Usually found alone or in pairs, Golden Eagles typically soar or glide with wings lifted into a slight “V” and the wingtip feathers spread like fingers. They capture prey on or near the ground, locating it by soaring, flying low over the ground, or hunting from a perch. Golden Eagles prey mainly on small to medium-sized mammals, including hares, rabbits, ground squirrels, prairie dogs, and marmots. Black-tailed jackrabbits are a key prey species throughout much of their range. These eagles are also capable of taking larger bird and mammal prey, including cranes, swans, deer, and domestic livestock. They have even been observed killing seals, mountain goats, bighorn sheep, pronghorn, coyotes, badgers, and bobcats. In addition to live prey, Golden Eagles often feed on carrion, following crows and other scavengers to a meal. They also catch fish, rob nests, and steal food from other birds.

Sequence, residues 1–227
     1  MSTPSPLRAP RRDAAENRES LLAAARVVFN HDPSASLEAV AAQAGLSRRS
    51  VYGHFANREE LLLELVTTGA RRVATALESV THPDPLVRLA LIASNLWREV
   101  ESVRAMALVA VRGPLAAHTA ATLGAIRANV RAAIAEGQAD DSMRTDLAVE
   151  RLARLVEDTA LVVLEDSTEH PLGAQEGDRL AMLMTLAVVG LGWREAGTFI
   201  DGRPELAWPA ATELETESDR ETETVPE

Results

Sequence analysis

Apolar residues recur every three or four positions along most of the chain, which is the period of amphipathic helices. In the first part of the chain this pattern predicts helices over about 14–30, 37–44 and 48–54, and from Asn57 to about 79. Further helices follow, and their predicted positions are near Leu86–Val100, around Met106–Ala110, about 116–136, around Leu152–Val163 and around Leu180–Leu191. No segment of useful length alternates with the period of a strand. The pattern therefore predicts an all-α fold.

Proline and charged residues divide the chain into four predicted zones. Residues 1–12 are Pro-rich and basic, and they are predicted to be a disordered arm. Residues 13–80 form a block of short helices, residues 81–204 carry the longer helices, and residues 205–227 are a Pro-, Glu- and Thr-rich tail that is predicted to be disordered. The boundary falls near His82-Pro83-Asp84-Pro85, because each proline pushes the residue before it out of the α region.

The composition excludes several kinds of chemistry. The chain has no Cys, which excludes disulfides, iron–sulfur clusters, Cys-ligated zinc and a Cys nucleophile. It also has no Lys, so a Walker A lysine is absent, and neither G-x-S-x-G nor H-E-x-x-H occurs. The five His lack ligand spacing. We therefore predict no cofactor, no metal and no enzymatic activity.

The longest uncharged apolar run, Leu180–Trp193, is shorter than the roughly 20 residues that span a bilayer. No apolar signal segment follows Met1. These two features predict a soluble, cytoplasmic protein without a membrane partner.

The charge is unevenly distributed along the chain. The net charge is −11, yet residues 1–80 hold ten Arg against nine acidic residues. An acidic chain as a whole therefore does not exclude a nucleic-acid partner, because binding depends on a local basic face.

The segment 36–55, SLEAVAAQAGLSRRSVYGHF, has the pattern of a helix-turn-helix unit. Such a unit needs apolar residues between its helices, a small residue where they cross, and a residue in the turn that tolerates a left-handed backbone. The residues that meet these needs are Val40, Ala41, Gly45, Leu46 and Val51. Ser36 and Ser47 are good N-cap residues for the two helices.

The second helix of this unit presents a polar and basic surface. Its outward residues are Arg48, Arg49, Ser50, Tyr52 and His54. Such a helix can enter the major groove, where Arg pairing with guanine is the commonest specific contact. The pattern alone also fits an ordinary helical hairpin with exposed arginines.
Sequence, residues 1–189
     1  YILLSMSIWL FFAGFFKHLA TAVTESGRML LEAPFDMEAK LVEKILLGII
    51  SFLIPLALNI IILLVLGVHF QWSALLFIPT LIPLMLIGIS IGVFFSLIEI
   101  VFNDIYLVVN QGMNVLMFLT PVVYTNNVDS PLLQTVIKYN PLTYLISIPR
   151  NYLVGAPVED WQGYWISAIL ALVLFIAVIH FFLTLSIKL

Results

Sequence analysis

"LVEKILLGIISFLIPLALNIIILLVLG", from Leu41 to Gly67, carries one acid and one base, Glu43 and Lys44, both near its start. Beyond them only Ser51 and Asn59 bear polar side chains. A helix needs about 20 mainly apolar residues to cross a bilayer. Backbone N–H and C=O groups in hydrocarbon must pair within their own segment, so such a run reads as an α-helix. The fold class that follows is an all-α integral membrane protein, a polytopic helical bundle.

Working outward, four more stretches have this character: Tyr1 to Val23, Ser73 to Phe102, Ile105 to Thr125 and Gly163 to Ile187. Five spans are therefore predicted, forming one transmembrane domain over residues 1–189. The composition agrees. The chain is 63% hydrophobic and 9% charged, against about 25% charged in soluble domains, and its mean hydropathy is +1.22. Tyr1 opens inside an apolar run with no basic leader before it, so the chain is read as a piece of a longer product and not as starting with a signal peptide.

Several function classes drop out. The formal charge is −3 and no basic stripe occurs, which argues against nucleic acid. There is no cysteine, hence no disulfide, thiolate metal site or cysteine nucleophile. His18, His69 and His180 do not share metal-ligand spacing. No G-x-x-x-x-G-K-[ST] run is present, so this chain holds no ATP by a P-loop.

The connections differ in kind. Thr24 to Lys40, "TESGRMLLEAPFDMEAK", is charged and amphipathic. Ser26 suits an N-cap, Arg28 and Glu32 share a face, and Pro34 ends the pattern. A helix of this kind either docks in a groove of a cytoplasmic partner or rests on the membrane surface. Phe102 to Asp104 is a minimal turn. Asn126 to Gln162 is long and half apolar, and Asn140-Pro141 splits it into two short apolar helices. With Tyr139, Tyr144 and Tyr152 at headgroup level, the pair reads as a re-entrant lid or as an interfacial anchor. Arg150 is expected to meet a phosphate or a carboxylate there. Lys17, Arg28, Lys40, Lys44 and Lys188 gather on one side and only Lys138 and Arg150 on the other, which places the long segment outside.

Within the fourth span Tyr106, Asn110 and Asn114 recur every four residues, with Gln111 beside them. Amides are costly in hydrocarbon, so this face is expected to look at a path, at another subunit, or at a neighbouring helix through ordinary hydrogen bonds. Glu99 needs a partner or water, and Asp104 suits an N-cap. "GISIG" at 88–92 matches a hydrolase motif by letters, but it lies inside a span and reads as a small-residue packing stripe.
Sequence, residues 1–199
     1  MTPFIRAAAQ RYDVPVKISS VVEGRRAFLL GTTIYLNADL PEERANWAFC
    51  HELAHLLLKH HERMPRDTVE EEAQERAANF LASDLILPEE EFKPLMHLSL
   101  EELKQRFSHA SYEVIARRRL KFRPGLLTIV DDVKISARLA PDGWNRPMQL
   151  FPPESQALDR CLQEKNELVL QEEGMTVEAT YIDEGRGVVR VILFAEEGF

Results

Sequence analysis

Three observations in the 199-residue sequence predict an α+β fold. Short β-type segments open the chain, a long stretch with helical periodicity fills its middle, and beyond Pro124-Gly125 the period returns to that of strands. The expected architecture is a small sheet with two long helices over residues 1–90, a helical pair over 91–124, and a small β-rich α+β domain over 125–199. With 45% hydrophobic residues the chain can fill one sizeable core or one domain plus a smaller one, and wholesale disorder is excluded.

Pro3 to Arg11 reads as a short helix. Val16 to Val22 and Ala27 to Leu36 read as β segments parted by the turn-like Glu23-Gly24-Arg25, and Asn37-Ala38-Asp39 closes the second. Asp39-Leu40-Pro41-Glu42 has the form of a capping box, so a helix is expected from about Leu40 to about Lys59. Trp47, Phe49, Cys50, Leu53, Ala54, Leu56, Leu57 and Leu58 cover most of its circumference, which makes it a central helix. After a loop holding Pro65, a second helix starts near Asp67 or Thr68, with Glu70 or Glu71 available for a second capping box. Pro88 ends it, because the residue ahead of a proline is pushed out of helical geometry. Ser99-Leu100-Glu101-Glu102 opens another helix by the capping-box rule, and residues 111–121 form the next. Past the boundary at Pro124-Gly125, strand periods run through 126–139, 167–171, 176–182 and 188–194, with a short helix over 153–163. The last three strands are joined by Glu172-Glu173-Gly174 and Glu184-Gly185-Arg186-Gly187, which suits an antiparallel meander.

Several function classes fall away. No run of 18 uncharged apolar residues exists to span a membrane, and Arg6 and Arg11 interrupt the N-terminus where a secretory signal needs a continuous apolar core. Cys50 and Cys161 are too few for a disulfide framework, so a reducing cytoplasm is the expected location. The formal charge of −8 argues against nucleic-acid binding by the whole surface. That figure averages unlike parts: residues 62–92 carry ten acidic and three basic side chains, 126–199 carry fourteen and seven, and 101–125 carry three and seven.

Golden Eagles usually nest on cliffs. They may also build nests in trees, on the ground, or in human-made structures, including windmills, observation towers, nesting platforms, and electrical transmission towers. Constructed near hunting grounds, Golden Eagle nests often command a wide view of their surroundings. Starting at 1 to 3 months before egg-laying, a Golden Eagle pair builds a nest of sticks and vegetation—sometimes also including bones, antlers, and human-made objects such as wire and fence posts. They line the nest with locally available vegetation, such as yucca, grasses, bark, leaves, mosses and lichens, or conifer boughs. They often include aromatic leaves, possibly to keep insect pests at bay. Resident birds continue adding nest material year-round, reusing the same nest for multiple seasons and sometimes alternating between two nests. Nests are huge, averaging some 5-6 feet wide, and 2 feet high, enclosing a bowl about 3 feet by 2 feet deep. Did you know that the largest Golden Eagle nest on record was 20 feet tall, 8.5 feet wide?